Juichi-Men Kannon Bosatsu (十一面観音菩薩) which is one of the transformations of the Kannon Bodhisattva and has 11 faces on his head has been enshrined in the temple. (Undisclosed.)
It is the only temple in the 33 temples outside the western region.
The path from the entrance gate to “Nioumon gate” (仁王門) is also known as a famous place for cherry blossoms and autumn leaves. The 1km path leading to Niomon is lined with cherry blossom trees, gift shops, restaurants, and hotels.
Many visitors come to enjoy the seasonal view during the season, but usually, it’s very quiet.
A Brief History Of Kegonji Temple
Kegonji Temple, nicknamed “Tanigumi-san,” was founded in 798.
A wealthy man was going to bring back the sacred Kannon statue carved by a Buddhist priest in Kyoto to his country, and the statue wouldn’t move at all in Ogaki city, Gifu prefecture. Kannon told him that there was a sacred place in 20 km distance from the point. The man built the temple with the cooperation of a monk, Bunsen Shonen.
Since then, Kegonji temple had been worshipped by successive emperors. In 1334, shrines had burnt due to the war several times, but the Kannon statue had saved by monks each time.
The current shrine has rebuilt in 1479 and has been keeping a solemn atmosphere as the last destination.
The Quick Guide Of Kegonji Temple With Japanese Terms
Nio(u) Gate (Niou Mon; 仁王門)
“Nioumon”(仁王門) is the gate of the shrine and temple where the statues of Niou (仁王像) is enshrined on the left and right, which is said the meaning of the guard of the temple. The gate is rebuilt in 1571 – 1764.
I visited the temple during *Setsubun season in February, so there was a big red demon placed at the gate. It is said you can remove bad luck when pathing between his legs.
*One of the annual festivals in Japan, which to welcome the spring season and throwing “dried beans” outside or to the evil spirits for the purpose to get rid of bad luck.
You can find a huge straw sandal on the both side, which are dedicated by pilgrims.
The Path (Sando; 参道)
The path approaching to shrines or temples called “Sando(u)” (参道) in Japanese.
As you can see, stone lanterns are lined up on both sides, and there are many dedication banners that read “South Eleven-faced Kanzeon Bosatsu”. This makes visitors feel solemn as a temple that has been fulfilled in the Saigoku pilgrimage.
Along Sando, you can see many stone lanterns, Jizo Bosatsu, and several *”Tacchu” (塔頭). Take time to experience Solomon and the sacred atmosphere.
This is the reason my husband and I like to visit here because you can take time as much as you like keeping in the quiet and private space, not like busy temples in Kyoto.
*Tacchu (塔頭) in Zen Buddhism is a stone tower or a hermitage that his disciples built them longed for the virtues of the mentor after the death of the high priest or ancestors.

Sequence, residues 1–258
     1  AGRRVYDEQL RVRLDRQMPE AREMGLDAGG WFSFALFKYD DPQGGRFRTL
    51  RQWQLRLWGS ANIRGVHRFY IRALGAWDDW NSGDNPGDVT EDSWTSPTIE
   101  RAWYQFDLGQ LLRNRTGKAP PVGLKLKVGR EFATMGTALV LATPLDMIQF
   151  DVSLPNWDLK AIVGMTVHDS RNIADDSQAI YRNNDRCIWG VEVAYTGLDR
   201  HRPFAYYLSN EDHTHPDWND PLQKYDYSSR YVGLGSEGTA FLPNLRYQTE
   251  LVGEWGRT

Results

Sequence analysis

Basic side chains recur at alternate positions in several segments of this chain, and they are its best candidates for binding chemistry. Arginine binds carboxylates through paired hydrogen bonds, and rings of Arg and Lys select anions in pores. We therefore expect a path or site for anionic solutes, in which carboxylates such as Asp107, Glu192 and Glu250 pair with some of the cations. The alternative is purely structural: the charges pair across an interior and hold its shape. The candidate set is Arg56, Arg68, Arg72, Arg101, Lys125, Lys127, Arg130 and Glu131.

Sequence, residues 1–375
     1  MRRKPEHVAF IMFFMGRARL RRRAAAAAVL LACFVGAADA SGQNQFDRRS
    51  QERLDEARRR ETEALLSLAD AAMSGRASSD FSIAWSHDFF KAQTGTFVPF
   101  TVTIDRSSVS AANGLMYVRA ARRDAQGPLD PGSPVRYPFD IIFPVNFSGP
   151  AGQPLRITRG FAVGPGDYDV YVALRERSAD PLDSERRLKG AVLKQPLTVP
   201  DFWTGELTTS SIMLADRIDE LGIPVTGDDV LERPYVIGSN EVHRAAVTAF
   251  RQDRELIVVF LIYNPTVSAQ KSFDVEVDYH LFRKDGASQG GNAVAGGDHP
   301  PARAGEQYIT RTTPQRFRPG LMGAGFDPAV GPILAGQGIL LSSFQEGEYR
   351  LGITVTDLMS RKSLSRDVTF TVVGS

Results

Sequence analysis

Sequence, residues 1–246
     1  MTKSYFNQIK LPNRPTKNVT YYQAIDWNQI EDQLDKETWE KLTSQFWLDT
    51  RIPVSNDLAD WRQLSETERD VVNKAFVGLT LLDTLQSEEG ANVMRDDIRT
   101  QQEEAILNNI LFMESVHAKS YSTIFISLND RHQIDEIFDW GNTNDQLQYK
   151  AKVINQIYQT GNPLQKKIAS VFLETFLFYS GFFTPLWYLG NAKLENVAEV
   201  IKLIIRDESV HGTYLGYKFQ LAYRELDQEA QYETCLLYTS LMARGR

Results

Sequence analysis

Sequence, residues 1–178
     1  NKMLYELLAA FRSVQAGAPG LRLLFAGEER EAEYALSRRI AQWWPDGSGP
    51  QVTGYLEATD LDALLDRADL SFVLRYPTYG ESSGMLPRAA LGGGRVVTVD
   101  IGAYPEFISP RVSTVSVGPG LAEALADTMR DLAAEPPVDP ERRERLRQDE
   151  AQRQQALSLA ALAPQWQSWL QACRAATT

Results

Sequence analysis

The Main Hall (Hondo/Hondou; 本堂)
The main hall called “Hondo(u)” (本堂) in Japanese, and the current main hall of Kegonji was rebuilt in 1879.
Please note taking pictures inside of the Hondo (the main altar) is prohibited.
There are “bronze carps” on some pillars of the main hall. Since ancient times, this carp has been called “Shojin Otoshi no Koi” (精進落としの鯉), which means that pilgrims who have completed the pilgrimage at Kegonji Temple touched this carp and were released from their devoted life.
The “Koke no Mizu” Jizo
This Jizo Bosatsu is believed to heal illnesses and wounds when sticking paper where you (or someone of you) want to heal.
Oizuru Do(u); 笈摺堂
“Oizuru” (笈摺) is the sleeveless overgarment worn by pilgrims and “Oidurudo(u)” (笈摺堂) is a small hall to dedicate an oizuru, a cane as the achievement of the Saigoku Kannon Pilgrimage.
Also, thousands of “orizuru” (折鶴) -origami cranes are dedicated because the names of “oizuru” and “orizuru” are similar.
Koyasu Do(u); 子安堂
On the left side of Oizuru Do, you can see “Koyasu Do”(子安堂) where Koyasu Kannon is enshrined. Many bibs are dedicated to wishes of easy delivery and pregnancy, and a healthy baby.
Mangan Do(u); 満願堂
Pilgrims dedicate their “Osame Fuda”(納め札) here.
Osame Fuda is one of the items for pilgrimage in Japan, which is a white rectangle paper written the name of the temple, the date, and own name for dedicating to each temple.
If you are interested in pictures of the temple more, check out my Pinterest board from the button below.
Hike To “Okuno In” (奥ノ院)
“Okunoin” (奥の院) is a small hall in the backyard of a temple or shrine where a secret Buddha (or God) or the founder is enshrined. It is considered to be the most sacred area and is built in the deep wood or in a rock cave in the backyard of temples or shrines to deepen the worship.
Thus, “okunoin” of Kegonji temple is also located in the upper hill in the backyard, you need to hike the “Myohogatake” to see “okunoin” for about 40 minutes.
If you go to Oku-no-in, you need to wear sneakers or hiking shoes, not sandals.
The hiking route is blocked for the high season of wasps and also be aware of leeches.
So why I don’t have a picture? Because I don’t like hiking.
Walking The Street From The Temple To The Parking
Now, check out the street from Niomon gate to the parking what you can see.
The street is called “Junrei Hana Kaido” (巡礼花街道) literally means “the pilgrimage floral street”.
We visited here on a weekday out of the season, so it was a very quiet day but we still met friendly local people at each store. (or maybe they had been seeking someone to talk to.)
I found a very old farming tool, which is called “Toumi” (唐箕). It is removing rice husks and then generating wind power to sort grains into rice husks, brown rice, dust.
It’s not like the “Harajuku shopping”, but I really like those local heartfelt handmade gifts. Don’t you think so?!
It’s not like the gorgeous temples and shrines as representative Japan, but strolling in Tanigumisan is very peaceful and you can feel Zen experience from ancient years.
Maybe it is not suitable for the first Japan trip, but I am happy that you read this post until last to know about our hidden gems.